To illustrate the facts that as interest rates rise, economies go down, in the EU, with real interest rates deep in negative territory, Germany, Europe’s economic powerhouse, saw its economy shrink 0.4 percent in the fourth quarter. 

Making a bad situation worse, considering the real inflation rates, the economies are not going into recession, they are diving into Dragflation: Declining economic growth and rising inflation… as the data proves but the mainstream business media denies.

Need more proof? Today it was reported by market researcher Kantar that grocery prices in the U.K. hit a new record in February, spiking 17.1 percent.


The Dow Jones Industrial Average increased 72.17 points, or 0.2 percent, yesterday to end the day at 32,889.09. The benchmark S&P 500 also gained 12.20 points, or 0.3 percent, to close at 3,982.24. The tech-heavy Nasdaq increased 72.04 points, or 0.6 percent, to 11,466.98.

Stocks were up slightly after coming off the worst-performing week of the year, with the Dow falling 3 percent. The yield on the benchmark 10-year U.S. Treasury note moved down to 3.93 percent. The yield on the 2-year note traded at 4.791 percent after settling last week at 4.803 percent, which The Wall Street Journal noted was its highest level since July 2007.

The yields are the highest they’ve been in 15 years, and some wealth managers are putting their clients’ money into these securities.

Elsewhere, London’s FTSE was up 56.45, or 0.72 percent, to 7,935.11 and the STOXX 600 gained 4.88, or 1.07 percent, to 462.58. In Asia, the Nikkei was down 29.52, or 0.11 percent, to 27,423.96, and South Korea’s Kospi was down 20.97, or 0.87 percent, to 2,402.64. Hong Kong’s Hang Seng was down 66.53, or 0.33 percent, to 19,943.51. Chinese stocks also closed lower. The Shanghai Composite was down 9.13, or 0.28 percent, to 3,258.03 and the Shenzhen Component was down 85.51, or 0.73 percent, to 11,701.95.

TREND FORECAST: The same Central Banksters who called inflation “transitory” for months are the ones tasked with getting a grip on the persistently high inflation levels and it seems increasingly improbable that the bank will ease its rate hikes this year. There is even new concern that these hikes will be 50 basis points. 

The central bank continues to say it wants to bring inflation down to 2 percent, with expectations for the federal-funds rate to be 5 percent to 5.25 percent by the end of the year. However, with Dragflation—declining economic growth and rising inflation—the only way inflation will hit 2 percent is if, and/or when, the global economy crashes. And as we note, should the Middle East and Ukraine wars heat up the global economy will crash as WWIII escalates.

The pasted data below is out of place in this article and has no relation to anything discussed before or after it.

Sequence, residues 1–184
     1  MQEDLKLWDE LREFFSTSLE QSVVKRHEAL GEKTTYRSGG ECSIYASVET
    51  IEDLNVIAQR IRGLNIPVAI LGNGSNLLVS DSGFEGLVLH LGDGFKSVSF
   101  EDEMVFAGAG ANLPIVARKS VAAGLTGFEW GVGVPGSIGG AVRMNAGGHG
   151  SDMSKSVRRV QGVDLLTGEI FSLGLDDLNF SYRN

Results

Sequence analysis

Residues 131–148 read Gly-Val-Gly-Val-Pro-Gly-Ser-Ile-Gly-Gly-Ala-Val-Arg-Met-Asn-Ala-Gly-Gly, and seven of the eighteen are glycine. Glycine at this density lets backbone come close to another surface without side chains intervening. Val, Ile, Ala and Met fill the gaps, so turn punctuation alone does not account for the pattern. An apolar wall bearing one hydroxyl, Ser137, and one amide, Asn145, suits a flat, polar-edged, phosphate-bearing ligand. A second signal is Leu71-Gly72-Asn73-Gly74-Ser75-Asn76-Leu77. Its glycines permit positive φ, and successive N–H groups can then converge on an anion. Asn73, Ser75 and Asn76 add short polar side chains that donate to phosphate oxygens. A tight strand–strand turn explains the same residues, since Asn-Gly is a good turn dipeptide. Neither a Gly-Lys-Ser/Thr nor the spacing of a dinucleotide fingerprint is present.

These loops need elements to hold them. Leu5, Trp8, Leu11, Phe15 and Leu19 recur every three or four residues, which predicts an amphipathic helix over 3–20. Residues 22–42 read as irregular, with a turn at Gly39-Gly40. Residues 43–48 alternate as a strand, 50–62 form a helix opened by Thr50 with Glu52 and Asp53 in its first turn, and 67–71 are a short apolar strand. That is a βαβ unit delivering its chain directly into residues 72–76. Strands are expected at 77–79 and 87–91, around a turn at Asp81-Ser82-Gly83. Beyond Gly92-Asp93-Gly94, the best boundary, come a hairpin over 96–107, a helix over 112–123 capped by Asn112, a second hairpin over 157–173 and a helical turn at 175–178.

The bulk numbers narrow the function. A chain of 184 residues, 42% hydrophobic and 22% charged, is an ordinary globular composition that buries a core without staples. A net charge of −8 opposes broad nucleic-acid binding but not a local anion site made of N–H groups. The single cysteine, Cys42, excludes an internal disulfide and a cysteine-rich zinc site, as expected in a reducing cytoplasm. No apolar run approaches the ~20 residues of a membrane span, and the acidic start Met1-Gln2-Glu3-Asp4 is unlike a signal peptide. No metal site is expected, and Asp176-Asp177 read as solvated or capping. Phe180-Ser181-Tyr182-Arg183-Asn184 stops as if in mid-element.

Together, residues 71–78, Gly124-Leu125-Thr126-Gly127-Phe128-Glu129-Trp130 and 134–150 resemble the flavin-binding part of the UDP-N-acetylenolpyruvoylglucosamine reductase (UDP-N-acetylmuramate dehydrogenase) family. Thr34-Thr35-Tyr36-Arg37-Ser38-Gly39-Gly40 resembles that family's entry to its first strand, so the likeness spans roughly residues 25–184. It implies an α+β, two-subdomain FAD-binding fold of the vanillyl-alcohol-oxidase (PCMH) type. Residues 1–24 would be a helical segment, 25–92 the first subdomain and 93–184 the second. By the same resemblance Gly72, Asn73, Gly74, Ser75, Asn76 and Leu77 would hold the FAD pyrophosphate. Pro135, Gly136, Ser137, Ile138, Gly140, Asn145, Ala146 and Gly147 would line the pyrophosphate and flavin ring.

OIL: Brent crude futures fell 83 cents yesterday, or 1 percent, to settle at $82.33 a barrel, and the U.S. West Texas Intermediate also fell 61 cents, or 0.8 percent, to $75.71.

Oil prices were impacted by concerns that the U.S. Federal Reserve would continue to raise rates to bring down inflation, which could prompt a recession. The U.S. Dollar also hovered around a seven-week high.

We maintain our forecast that oil prices will rise as China’s economy re-heats and war tensions keep prices higher.  $90-$100 per barrel range in the second half of this year, reported.

TRENDPOST: This week’s issue goes into great detail about the instability in the Middle East and how Israel is inching toward all-out war with Iran over its nuclear program. Oil remains our wildcard. Should prices break above $130 per barrel, it will crash equities and economies across the globe. 

GOLD: Gold for April delivery rose $7.80, or 0.4 percent, to close the day at $1,824.90 an ounce. The precious metal lost 1.8 percent last week, which marked the lowest price this year. Gold is down 6 percent in February.

We have long noted that gold is the world’s safe-haven asset during unstable times. But prices can be impacted by high Treasury yields because gold is a non-yielding asset.

BITCOIN: The world’s most popular crypto was down yesterday amid new concerns that the Federal Reserve will continue to raise interest rates and drive up Treasury yields, which makes bitcoin a less attractive investment because, like gold, it is a non-yielding asset.

The crypto approached $24,000 a coin, but pulled back to a low of $23,400.

There was early optimism in the crypto market this year, but recent CPI and PPI data hurt some expectations that inflation was fading.

TREND FORECAST: For several weeks we had forecast that if bitcoin strongly breaks above $25,000 per coin it will continue to steadily rise. 


Rising inflation and an unexpectedly strong rise in consumer spending gave equity markets their worst week of the year last week as investors saw a greater chance that the U.S. Federal Reserve will raise its key interest rate by at least a quarter point next month… and possibly 50 basis points.

January’s Core Personal Consumption Expenditures Index, the Fed’s preferred gauge of inflation, shot up 4.7 percent last month, year on year, with energy and food costs excluded.

Analysts’ consensus foresaw a 4.4-percent bump.

Also last month, American consumers spent 1.1 percent more, adjusted for inflation, than in December, the U.S. Commerce Department said.

Until recently, markets had been expecting a pause in the central bank’s rate hikes this year and perhaps even one or two rate cuts.

“My view of the economy hasn’t changed that much,” Loretta Mester, president of the Federal Reserve Bank of Cleveland, said in a 24 February Wall Street Journal interview.

“We have inflation pressures that are pretty ‘in there’,” she noted.

Mester supported a half-point rate increase at the Fed’s most recent meeting, twice the increase the rate-setting committee adopted.

Philip Jefferson, a member of the Fed’s board of governors, said the strong labor market and resilient consumer spending indicated the fight against inflation will last longer than hoped.

“The ongoing imbalance between supply and demand for labor, combined with the large share of labor costs in the service sector, suggests that high inflation may come down only slowly,” he said at a New York conference earlier this month.

For the week, the Dow Jones Industrial Average dropped 2.6 percent, the NASDAQ shed 3.3 percent, and the Standard & Poor’s 500 index sank by 2.7 percent.

The yield on the two-year treasury note, which tends to closely mirror investors’ short-term expectations, leaped to its highest Friday since 2007, reaching 4.803 percent amid a sharp bond selloff.